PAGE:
Overall, the Nazis failed to recognize how air and naval air superiority would impact the war effort, still believed that infantry zeal could overcome technological superiority, could not keep pace with the scale of the Allies’ industry or speed of their technological advances, spent inefficiently on R&D duds, never solved crucial resource issues, and sacrificed millions of their own subjects in no-retreat disasters. Fooled by their early success, delusions of grandeur, and belief in their own propaganda, Hitler and his collaborators not only instituted a morally repugnant regime but destroyed themselves. Fascism a scary ideology that promises great power for great personal sacrifice, but while the sacrifice was real, the power was illusory: as a system, it actually underperformed democracy technologically, strategically, industrially, and militarily in nearly every important category. Hopefully, this diametrical failure is evidence enough for even those who are morally open to fascism to discard it as simply unworkable. And maybe, if we dispel the myth of Nazi industry, we can head off any future experiments in fascism and give due recognition to the awe-inspiring productivity of systems that recognize the value of liberty.

This is in no way exhaustive, and in the interest of space I have not included the analogous Italian and Japanese military delusions and industrial shortcomings in World War II. I hope that this shortlist of facts inspires you to learn more and tell posterity that fascism is not only evil but delusional and incompetent.

All facts taken from The Second World Wars, Wikipedia, or general internet trawling.

Nightcap

  1. Argentine Nazi finds are fakes Glüsing & Wiegrefe, Spiegel
  2. China’s looming class struggle Joel Kotkin, Quillette
  3. The real costs of the war in Afghanistan Adam Wunische, New Republic
  4. Progressive purity tests and Supreme Court wish lists Damon Root, Reason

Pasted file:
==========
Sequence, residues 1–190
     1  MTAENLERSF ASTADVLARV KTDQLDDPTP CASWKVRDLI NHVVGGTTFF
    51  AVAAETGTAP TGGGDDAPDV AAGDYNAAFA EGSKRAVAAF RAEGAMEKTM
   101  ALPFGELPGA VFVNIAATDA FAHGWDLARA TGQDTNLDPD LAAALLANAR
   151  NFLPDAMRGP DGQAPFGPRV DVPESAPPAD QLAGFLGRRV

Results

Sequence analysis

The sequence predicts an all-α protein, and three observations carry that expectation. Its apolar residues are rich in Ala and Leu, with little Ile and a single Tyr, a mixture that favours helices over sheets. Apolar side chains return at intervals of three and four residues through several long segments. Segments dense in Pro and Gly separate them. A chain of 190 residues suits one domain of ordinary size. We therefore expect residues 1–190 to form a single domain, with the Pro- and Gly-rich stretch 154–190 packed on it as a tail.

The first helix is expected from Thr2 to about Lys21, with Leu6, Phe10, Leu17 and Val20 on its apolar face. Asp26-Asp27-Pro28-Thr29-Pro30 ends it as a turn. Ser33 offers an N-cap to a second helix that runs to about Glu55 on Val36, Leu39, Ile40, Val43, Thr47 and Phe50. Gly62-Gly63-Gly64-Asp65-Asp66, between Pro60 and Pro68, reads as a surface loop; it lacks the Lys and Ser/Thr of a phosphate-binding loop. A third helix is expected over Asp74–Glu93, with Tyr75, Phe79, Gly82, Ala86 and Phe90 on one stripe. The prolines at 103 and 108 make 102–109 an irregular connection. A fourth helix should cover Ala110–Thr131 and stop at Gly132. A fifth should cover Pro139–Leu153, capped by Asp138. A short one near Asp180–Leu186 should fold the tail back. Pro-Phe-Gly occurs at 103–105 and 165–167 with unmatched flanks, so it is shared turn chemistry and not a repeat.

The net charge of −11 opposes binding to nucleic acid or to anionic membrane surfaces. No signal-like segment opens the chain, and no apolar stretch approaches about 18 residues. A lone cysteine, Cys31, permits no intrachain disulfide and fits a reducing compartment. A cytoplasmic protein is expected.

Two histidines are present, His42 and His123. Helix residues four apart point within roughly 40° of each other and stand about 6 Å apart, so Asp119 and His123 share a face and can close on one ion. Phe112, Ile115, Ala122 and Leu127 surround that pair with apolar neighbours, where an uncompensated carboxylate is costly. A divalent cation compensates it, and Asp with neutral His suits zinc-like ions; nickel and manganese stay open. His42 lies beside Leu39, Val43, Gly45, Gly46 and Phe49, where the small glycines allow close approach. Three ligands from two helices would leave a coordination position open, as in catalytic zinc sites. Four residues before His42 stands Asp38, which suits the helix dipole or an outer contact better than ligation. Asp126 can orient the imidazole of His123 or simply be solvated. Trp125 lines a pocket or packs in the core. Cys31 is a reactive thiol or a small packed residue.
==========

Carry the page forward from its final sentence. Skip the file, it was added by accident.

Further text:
Nightcap

  1. Was Hitler driven by a fear of Anglo-American capitalism? Robert Gerwarth, Financial Times
  2. Hong Kong’s long struggle against Beijing Melvin Barnes Jr, Origins
  3. My mother, the ex-Communist Arnold Kling, askblog
  4. Hizballah’s puzzling quiet Michael Koplow, Ottomans & Zionists

Nightcap

  1. Why fascism is the wave of the future (1994) Edward Luttwak, London Review of Books
  2. The rise of the rise of the global Right (2019) Paul Urie, Counterpunch
  3. A climate change denier, Part 2 (2019) Jacques Delacroix, Liberty Unbound
  4. Sen or sense? (1999) Barun Mitra, the Freeman

“10 little-known fascist governments”

That’s the subject of my weekend’s RealClearHistory column. An excerpt:

7. Romania and the Iron Guard. Sandwiched between the communist Soviet Union and the fascist Axis powers of central Europe, Romanian society struggled to find its footing after a comparatively wonderful campaign during World War I, but Bucharest eventually chose to side with Berlin and Rome instead of Moscow. Romanian fascism was known for including the Orthodox Church into its anti-communist, anti-Semitic, and anti-capitalist rhetoric. Romania’s fascists almost made the Nazis look like boy scouts, especially when the Iron Guard organized and implemented one of Europe’s bloodiest pogroms, ever: the Iași pogrom. Just over 13,000 Jews, along with their liberal and Orthodox defenders in the city of Iași, were butchered on the streets where they once plied their trades. Romania, a member of the Axis for most of the war, was second only to Germany in the number of Jews it killed during World War II.

Please, read the rest.

Oh, and I wrote about America’s greatest maritime disaster on Tuesday for RCH‘s blog, the Historiat.

*The Islamic Enlightenment* | A critical review

De Bellaigue, Christopher. (2017) The Islamic Enlightenment: The Struggle Between Faith and Reason 1798 to Modern Times. Liveright Publishing Corporation (Norton & Company) New York, London.